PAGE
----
Depends: Congestive heart failure or CHF can be from many things. Different types include systolic dysfxn wich means a weak heart. Usually from a virus, heart attack, or post partum. Diastolic dysfxn where the heart is stiff is usually due to hyer tension. High out put heart failure is when things such as hyperthyroidism or anemia. So your question is very broad and you need to narrow it down ...Read more
Right or Left:
Generally, left heart failure causes you to be short of breath (breathlessness). This is generally worse when you exert yourself (for example, walking up hill) or when you are lying flat in bed. This shortness of breath can be associated with a cough.
The main symptom of right heart failure is swollen ankles and legs (buildup of fluid) Your liver may also become enlarged. ...Read more
Increasing swelling: This should raise your suspicion especially if associated with shortness of breath and easy fatigueability that is getting worse. The swelling is usually in the legs and is worst at bedtime and least in am on rising from bed. It is unusual to have CHF without leg edema in the evenings, unless you are taking water pills. ...Read more
Most patients with heart failure can live a long life nowadays. It depends on how severe it is. Factors that determine how long you live are:1. How severe it is 2. What is the underlying cause 3. How good is your treatment 4. How compliant you are with the treatment 5. What other illnesses you have 6. How old you are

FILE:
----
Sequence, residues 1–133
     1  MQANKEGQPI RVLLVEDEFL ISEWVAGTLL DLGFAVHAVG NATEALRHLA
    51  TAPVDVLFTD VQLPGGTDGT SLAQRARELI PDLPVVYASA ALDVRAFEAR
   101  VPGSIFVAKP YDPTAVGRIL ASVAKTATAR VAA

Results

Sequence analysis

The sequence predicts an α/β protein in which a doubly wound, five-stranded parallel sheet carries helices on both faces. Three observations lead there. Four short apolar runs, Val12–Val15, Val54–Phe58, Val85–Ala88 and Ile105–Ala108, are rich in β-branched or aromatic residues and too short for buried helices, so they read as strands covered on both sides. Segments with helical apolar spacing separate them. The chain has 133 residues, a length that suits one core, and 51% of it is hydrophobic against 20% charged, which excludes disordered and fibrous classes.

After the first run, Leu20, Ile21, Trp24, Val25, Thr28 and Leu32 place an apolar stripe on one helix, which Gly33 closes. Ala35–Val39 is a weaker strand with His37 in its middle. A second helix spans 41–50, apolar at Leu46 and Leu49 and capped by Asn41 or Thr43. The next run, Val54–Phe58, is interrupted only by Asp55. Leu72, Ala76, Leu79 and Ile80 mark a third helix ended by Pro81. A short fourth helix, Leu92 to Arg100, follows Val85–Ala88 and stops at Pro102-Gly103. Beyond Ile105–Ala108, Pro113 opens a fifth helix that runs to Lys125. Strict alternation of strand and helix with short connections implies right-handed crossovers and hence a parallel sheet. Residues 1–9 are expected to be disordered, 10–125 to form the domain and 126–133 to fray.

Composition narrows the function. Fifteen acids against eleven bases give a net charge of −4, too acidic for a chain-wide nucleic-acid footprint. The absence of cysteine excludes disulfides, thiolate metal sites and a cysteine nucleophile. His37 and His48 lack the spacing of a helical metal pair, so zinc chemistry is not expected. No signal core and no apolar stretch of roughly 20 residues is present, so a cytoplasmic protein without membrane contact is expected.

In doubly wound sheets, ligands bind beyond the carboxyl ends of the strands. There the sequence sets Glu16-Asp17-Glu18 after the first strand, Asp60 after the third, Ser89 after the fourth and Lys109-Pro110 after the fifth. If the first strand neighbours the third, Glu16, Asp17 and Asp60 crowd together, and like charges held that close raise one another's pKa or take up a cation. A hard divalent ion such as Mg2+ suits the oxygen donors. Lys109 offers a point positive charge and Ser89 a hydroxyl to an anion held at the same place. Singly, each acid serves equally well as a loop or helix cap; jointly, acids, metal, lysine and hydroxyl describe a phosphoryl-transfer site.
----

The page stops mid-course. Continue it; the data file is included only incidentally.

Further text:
so find a good doctor and do what he advises and you should be around a while. ...Read more
Yes: Depending on the extent of the heart failure and how you feel. If you are able to do most day-to-day jobs and provided your work is not overly exerting then you should be able to recover much of your function. It also depends on the cause of the heart failure, and the type. Take the right medications (beta blockers, ace-inhibitors, aldactone) and talk to your cardiologist. ...Read more
Several symptoms: The most common symptoms are fatigue, decreased exercise tolerance, shortness of breath with exertion, shortness of breath at night, need to use more pillows to sleep, swelling in the abdomen or legs, weight gain due to fluid buildup. If you experience any of these symptoms, see a cardiologist right away. ...Read more
Reverse/Optimize CHF: Drivers: (a) lipoproteins (get LDL <700 nmol/L, possibly <400, & Large-HDL >9? mol/L) (Chol wrong issue, LDL-C not measured from blood & poor correlation), (b) blood glucose HbA1c <5.0%, (c) resting sitting Systolic BP <120 mmHg, & titrate up Aceon (perindopril) (if BP Hi), AltAce (if BP Low) + Carvedilol as far as tolerated (too much; too fast can make feel worse, short-term) & track response with Echo, etc. ...Read more
Otherwise known simply as heart failure, is a condition in which the heart muscle is weakened. It may be receiving inadequate blood flow, its valves might be malfunctioning or the heart muscle might have thickened or stiffened. As a result, the heart, which is a pump, cannot supply the body with ...Read more